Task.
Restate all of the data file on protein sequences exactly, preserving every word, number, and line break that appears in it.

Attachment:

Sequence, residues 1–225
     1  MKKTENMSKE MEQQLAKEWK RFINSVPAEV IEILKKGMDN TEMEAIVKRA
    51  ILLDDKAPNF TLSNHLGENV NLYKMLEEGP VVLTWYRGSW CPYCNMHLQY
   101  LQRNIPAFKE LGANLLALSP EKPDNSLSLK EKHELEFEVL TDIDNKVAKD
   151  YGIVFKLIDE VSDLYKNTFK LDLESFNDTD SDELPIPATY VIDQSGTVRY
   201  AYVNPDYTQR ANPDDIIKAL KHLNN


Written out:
Sequence, residues 1–225
     1  MKKTENMSKE MEQQLAKEWK RFINSVPAEV IEILKKGMDN TEMEAIVKRA
    51  ILLDDKAPNF TLSNHLGENV NLYKMLEEGP VVLTWYRGSW CPYCNMHLQY
   101  LQRNIPAFKE LGANLLALSP EKPDNSLSLK EKHELEFEVL TDIDNKVAKD
   151  YGIVFKLIDE VSDLYKNTFK LDLESFNDTD SDELPIPATY VIDQSGTVRY
   201  AYVNPDYTQR ANPDDIIKAL KHLNN